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COMPUTER FILE / Lawrence J. Magid

IBM Operating Systems Sing Radical New Tune

November 05, 1987|Lawrence J. Magid | Lawrence J. Magid is a Silicon Valley-based computer analyst and writer

When Bob Dylan wrote "The Times They Are A-Changin', " he was referring to the social and political upheaval in the 1960s. Today, a similar song could be sung about IBM personal computers and compatible machines.

There are two principal reasons for the tumult in the personal computer industry. To begin with, IBM and most of the companies that make IBM compatibles plan to soon offer a radically different, and advanced, operating system. The operating system is the software that manages the computer itself, controlling everything you do with your machine.

In addition, a new set of programming rules is being established for the industry that will extend the capabilities of computers equipped with the current standard for operating system software. Both developments will enable IBM-style computers to take advantage of more sophisticated and more powerful software.

There are many differences between the current operating system for IBM-style machines, MS-DOS 3.2, and the soon-to-be-released Operating System/2, or OS/2. Chief among them is that OS/2 will give PCs many of the advantages of the Apple Macintosh. For instance, you will be able to look at data from two or more programs at the same time and move the data back and forth.

The PC will also have a "graphical user interface." That means, among other things, that the text you see on the screen will look almost identical to what you get on the printer.

Another major benefit of OS/2 is that it will allow the machines to access up to 16 megabytes of random access memory, or RAM. A megabyte is about a million bytes, or characters. That much memory will enable software companies to design large and sophisticated programs that can do more and be operated more easily than today's software. Generally, the MS-DOS operating system is limited to 640K (approximately 640,000 characters) of memory.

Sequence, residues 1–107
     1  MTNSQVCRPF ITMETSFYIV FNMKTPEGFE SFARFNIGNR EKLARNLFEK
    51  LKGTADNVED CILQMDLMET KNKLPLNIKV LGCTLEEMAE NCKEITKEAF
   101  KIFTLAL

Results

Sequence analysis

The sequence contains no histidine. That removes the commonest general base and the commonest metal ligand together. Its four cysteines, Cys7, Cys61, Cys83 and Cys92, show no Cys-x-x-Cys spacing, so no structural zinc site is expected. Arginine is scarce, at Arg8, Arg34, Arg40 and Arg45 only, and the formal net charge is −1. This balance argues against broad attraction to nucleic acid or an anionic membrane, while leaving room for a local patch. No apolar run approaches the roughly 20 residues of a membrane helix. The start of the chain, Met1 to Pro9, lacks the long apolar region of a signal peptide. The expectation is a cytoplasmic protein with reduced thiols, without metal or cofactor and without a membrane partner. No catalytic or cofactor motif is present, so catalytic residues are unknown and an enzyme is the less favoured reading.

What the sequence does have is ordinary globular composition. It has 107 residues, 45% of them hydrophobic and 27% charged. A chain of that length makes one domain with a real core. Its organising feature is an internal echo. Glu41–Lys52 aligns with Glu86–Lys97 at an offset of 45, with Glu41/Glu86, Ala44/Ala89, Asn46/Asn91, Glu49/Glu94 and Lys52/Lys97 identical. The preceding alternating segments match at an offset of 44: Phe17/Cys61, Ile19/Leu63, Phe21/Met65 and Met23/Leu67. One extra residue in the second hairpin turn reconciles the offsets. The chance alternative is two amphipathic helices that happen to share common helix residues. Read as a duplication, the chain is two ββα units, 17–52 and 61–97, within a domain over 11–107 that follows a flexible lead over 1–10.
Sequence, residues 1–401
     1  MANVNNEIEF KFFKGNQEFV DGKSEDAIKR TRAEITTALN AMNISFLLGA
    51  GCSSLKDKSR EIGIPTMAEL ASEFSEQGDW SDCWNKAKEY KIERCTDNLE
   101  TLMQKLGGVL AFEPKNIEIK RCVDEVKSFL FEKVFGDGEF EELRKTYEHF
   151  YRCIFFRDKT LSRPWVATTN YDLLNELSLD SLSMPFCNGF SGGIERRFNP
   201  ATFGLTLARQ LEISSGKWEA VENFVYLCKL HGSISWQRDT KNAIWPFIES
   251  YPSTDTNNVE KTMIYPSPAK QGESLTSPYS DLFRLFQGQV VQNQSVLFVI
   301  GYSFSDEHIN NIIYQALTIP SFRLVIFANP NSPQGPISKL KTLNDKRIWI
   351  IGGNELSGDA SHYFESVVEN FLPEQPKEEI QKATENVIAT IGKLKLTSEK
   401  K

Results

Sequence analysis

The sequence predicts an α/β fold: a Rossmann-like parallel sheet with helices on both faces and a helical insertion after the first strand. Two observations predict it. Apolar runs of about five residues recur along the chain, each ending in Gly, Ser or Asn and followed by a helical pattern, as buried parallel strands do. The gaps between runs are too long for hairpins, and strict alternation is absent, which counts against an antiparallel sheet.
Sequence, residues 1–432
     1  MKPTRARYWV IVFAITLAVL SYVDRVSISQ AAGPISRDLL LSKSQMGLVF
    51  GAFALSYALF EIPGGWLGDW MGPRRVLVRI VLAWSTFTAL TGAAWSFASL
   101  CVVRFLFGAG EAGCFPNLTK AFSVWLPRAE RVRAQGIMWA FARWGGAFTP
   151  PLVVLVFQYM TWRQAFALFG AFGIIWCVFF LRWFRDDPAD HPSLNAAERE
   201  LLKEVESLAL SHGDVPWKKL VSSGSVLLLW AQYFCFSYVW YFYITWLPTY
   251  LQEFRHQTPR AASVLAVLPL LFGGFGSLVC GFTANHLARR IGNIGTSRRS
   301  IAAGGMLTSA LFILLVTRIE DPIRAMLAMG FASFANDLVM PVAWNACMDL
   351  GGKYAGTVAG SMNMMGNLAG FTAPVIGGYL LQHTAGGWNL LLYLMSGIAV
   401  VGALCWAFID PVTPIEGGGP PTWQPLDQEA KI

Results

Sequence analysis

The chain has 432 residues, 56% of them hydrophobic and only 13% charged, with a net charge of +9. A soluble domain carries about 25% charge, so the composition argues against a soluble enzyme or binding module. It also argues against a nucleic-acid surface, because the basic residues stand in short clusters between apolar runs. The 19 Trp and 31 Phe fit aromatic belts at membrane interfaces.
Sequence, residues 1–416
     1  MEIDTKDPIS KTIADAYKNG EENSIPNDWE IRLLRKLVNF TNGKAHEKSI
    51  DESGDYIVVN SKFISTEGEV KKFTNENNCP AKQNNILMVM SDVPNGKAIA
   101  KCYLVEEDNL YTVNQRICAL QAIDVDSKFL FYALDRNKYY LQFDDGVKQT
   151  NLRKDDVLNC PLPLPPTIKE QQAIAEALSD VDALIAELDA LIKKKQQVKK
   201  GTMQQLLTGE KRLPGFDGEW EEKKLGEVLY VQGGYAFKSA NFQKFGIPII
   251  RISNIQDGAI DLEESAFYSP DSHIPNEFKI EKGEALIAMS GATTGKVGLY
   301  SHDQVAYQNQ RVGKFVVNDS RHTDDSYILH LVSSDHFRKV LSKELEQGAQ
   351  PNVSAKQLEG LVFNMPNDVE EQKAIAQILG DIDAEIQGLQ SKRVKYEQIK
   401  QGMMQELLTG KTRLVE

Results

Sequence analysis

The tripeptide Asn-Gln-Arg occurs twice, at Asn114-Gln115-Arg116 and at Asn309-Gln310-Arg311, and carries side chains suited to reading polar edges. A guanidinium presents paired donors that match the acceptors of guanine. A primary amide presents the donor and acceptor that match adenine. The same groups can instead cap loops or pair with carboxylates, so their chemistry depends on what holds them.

IBM announced on Tuesday that OS/2 shipments, which originally were scheduled for the first quarter of 1988, will begin in December. All the same, the expected transition from MS-DOS to OS/2 will take at least two years. First, all the application programs--for example, word processing and database software--that run under the present operating system will have to be rewritten to run under OS/2.

Second, OS/2 does not work with the majority of PCs now in use. OS/2 requires a PC to be equipped with an Intel 80286 or an 80386 central processing unit. The IBM PC/AT and most of IBM's new Personal System/2 models qualify, but the millions of IBM PCs and XTs and compatibles would have to be replaced or modified to use the new operating system.

Several companies, including IBM, continue to make inexpensive machines that will not be compatible with OS/2. As a result, lots of people will continue to use the old MS-DOS operating system. But that might not be so bad. Recent developments have breathed new potential into the old MS-DOS.

In August, Lotus Development, Intel and Microsoft announced a new software "specification" that makes it possible for a PC to use more than 640K of memory--in theory, up to 32 megabytes--provided that the PC is equipped with the proper memory expansion card and enough memory chips.

The specification is called LIM 4.0, after the initials of its sponsors. The most practical use of the new specification is to run, with special software, several programs at a time, a practice known as multi-tasking. You could, for example, sort a database and transfer information from a company mainframe while you are writing a report. A spreadsheet program could be sitting idly in the background, ready to use at the touch of a key.

The specification, as a set of programming rules, is neither hardware nor software. To take advantage of it, you again must use application programs that have been written, or modified, to be compatible. Your current software probably isn't compatible, but future versions of Lotus 1-2-3, WordPerfect and dBase III, among others, are supposed to be. The new specification is a revision of an older LIM standard that enabled certain programs, including Lotus 1- 2-3, to access large data files.

Before you get too excited about LIM 4.0, consider the additional hardware and software you may have to buy. To use the new specification, your computer must be equipped with a compatible memory board--not all are, so be sure to check with your dealer or manufacturer.

While some users will switch to the OS/2 operating system, millions of others will be pleased that their old computers, and modified versions of their current software, will work even better.

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